It seems as though Washington has been abuzz with proprietary higher education this week. And with good reason. The U.S. Senate held a Committee on Health, Education, Labor and Pensions hearing on private sector higher education companies.
One of the more controversial angles to the hearing was the testimony of Steve Eisman – the Wall Street short-seller who is famous for predicting the subprime mortgage crisis and who has made bold comparisons that the education private sector will be the next crisis.
In a Huffington Post blog, Tom Matzzie says:
“The only problem is that the witness, financier Steven Eisman of FrontPoint Partners, stands to profit not from the success of higher education but from stock price declines of a specific group of companies in that sector. Eisman is a short-seller.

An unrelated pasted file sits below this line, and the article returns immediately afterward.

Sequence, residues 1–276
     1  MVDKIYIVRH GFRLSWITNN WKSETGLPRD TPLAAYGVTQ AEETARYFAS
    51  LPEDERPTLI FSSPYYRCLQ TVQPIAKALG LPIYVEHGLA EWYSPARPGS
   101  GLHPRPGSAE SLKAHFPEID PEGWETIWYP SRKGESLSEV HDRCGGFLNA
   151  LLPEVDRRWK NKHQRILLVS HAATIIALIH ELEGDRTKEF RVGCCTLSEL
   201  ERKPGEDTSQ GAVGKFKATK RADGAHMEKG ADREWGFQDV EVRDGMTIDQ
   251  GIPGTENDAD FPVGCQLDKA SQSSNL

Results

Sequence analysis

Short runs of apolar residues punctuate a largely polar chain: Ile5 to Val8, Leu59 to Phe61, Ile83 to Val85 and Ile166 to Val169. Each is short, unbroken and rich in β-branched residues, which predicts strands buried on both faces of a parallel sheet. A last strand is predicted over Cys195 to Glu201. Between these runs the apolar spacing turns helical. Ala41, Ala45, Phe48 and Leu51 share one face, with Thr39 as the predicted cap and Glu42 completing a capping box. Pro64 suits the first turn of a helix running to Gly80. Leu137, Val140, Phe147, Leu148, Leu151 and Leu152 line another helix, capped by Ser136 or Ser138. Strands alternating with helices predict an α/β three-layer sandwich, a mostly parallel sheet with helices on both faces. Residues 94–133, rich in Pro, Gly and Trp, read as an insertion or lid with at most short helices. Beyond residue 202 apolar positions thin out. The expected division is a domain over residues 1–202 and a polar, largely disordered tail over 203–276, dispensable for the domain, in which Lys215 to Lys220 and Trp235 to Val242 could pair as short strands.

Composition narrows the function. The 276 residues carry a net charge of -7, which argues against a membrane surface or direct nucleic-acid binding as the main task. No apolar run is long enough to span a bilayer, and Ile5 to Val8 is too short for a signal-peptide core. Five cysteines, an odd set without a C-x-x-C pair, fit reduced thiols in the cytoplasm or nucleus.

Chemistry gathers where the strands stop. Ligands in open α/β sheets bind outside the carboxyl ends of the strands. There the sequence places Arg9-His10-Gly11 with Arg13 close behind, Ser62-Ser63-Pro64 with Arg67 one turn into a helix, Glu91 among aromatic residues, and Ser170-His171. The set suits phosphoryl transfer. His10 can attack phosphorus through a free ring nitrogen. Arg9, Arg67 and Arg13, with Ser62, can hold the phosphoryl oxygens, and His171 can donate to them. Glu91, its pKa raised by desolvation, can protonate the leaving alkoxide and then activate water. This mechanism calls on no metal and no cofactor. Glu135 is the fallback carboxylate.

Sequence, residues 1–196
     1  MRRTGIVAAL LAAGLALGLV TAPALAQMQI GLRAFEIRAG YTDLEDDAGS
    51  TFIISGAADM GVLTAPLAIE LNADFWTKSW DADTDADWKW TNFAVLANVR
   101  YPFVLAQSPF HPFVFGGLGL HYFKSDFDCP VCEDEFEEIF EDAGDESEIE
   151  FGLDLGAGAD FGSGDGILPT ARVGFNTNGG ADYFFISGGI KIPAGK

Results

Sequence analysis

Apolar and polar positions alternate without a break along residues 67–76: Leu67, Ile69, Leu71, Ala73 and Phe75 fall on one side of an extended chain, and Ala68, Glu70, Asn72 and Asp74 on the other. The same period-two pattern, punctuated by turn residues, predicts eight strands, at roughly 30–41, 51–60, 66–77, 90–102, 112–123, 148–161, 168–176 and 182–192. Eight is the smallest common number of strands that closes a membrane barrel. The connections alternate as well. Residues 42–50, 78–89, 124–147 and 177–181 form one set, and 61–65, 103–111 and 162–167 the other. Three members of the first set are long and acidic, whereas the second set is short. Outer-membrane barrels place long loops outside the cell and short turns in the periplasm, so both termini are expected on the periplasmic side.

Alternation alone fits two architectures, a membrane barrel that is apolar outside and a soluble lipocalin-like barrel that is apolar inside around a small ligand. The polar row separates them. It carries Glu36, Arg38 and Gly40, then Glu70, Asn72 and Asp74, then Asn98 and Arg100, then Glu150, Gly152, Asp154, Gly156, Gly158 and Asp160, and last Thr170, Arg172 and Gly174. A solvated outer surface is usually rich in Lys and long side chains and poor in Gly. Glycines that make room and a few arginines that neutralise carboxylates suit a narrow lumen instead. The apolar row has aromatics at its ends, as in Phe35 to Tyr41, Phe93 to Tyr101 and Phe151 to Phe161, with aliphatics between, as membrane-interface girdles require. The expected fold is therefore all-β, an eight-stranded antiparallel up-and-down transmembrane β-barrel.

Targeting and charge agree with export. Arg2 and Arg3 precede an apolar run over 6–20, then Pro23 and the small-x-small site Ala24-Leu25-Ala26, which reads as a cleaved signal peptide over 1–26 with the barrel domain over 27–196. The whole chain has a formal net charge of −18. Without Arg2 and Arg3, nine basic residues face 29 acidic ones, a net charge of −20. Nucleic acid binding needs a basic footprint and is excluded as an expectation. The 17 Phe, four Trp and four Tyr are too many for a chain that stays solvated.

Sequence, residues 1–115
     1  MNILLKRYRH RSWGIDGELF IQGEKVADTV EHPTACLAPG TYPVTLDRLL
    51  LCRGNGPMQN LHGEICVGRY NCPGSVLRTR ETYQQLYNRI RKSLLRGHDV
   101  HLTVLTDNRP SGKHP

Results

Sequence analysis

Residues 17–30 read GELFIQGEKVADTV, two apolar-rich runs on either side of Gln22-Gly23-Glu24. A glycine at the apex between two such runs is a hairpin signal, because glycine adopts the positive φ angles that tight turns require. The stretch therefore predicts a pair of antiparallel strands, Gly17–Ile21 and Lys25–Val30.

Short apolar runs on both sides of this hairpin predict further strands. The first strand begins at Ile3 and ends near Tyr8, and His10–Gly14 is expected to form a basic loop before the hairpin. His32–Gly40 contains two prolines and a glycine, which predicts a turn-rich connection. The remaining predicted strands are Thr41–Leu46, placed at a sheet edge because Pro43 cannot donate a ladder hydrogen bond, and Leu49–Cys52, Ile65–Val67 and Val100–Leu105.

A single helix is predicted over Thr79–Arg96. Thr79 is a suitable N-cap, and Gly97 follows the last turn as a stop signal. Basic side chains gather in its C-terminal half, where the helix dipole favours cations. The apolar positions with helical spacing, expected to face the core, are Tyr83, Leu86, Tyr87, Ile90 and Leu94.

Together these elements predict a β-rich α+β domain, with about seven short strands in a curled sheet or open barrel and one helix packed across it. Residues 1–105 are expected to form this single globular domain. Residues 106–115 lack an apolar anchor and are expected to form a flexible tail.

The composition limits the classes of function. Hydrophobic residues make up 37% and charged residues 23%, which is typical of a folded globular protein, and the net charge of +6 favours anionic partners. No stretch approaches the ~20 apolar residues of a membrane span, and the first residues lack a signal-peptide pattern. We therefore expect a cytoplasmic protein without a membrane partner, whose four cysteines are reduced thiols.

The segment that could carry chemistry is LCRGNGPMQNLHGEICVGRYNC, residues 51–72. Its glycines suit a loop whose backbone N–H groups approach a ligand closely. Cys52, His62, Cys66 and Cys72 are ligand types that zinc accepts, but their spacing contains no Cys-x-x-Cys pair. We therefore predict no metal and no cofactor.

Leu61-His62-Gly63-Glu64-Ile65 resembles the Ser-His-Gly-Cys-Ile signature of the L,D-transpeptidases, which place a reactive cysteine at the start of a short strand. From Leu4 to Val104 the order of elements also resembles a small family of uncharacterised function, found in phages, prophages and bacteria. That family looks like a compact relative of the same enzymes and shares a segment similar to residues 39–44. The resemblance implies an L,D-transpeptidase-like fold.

Most Americans would think investors lose money when stock prices go down. But a specific type of investor known as a short-seller makes money when stock prices go down, not up. Ain’t America great? The companies go through the grinder, cut employees and investment while some guy on Wall Street gets rich.”
The Hill columnist Lanny Davis also picked up on this and calls for more transparency.
“Let’s concede that, in the for-profit college industry, there are bad apples. Congressional oversight and U.S. Department of Education rules give ample ability to focus on fraud, root it out and end it.
But the notion of pervasive, systemic abuse and fraud as suggested by Eisman, more with innuendo than hard facts, may not stand up to scrutiny.
We need oversight and regulation for sure. We also need full disclosure and transparency by short-seller critics — for sure too.”
It’s a bit ironic that the HELP Committee would summon the testimony of a short-seller while holding hearings looking for problems within the for-profit sector.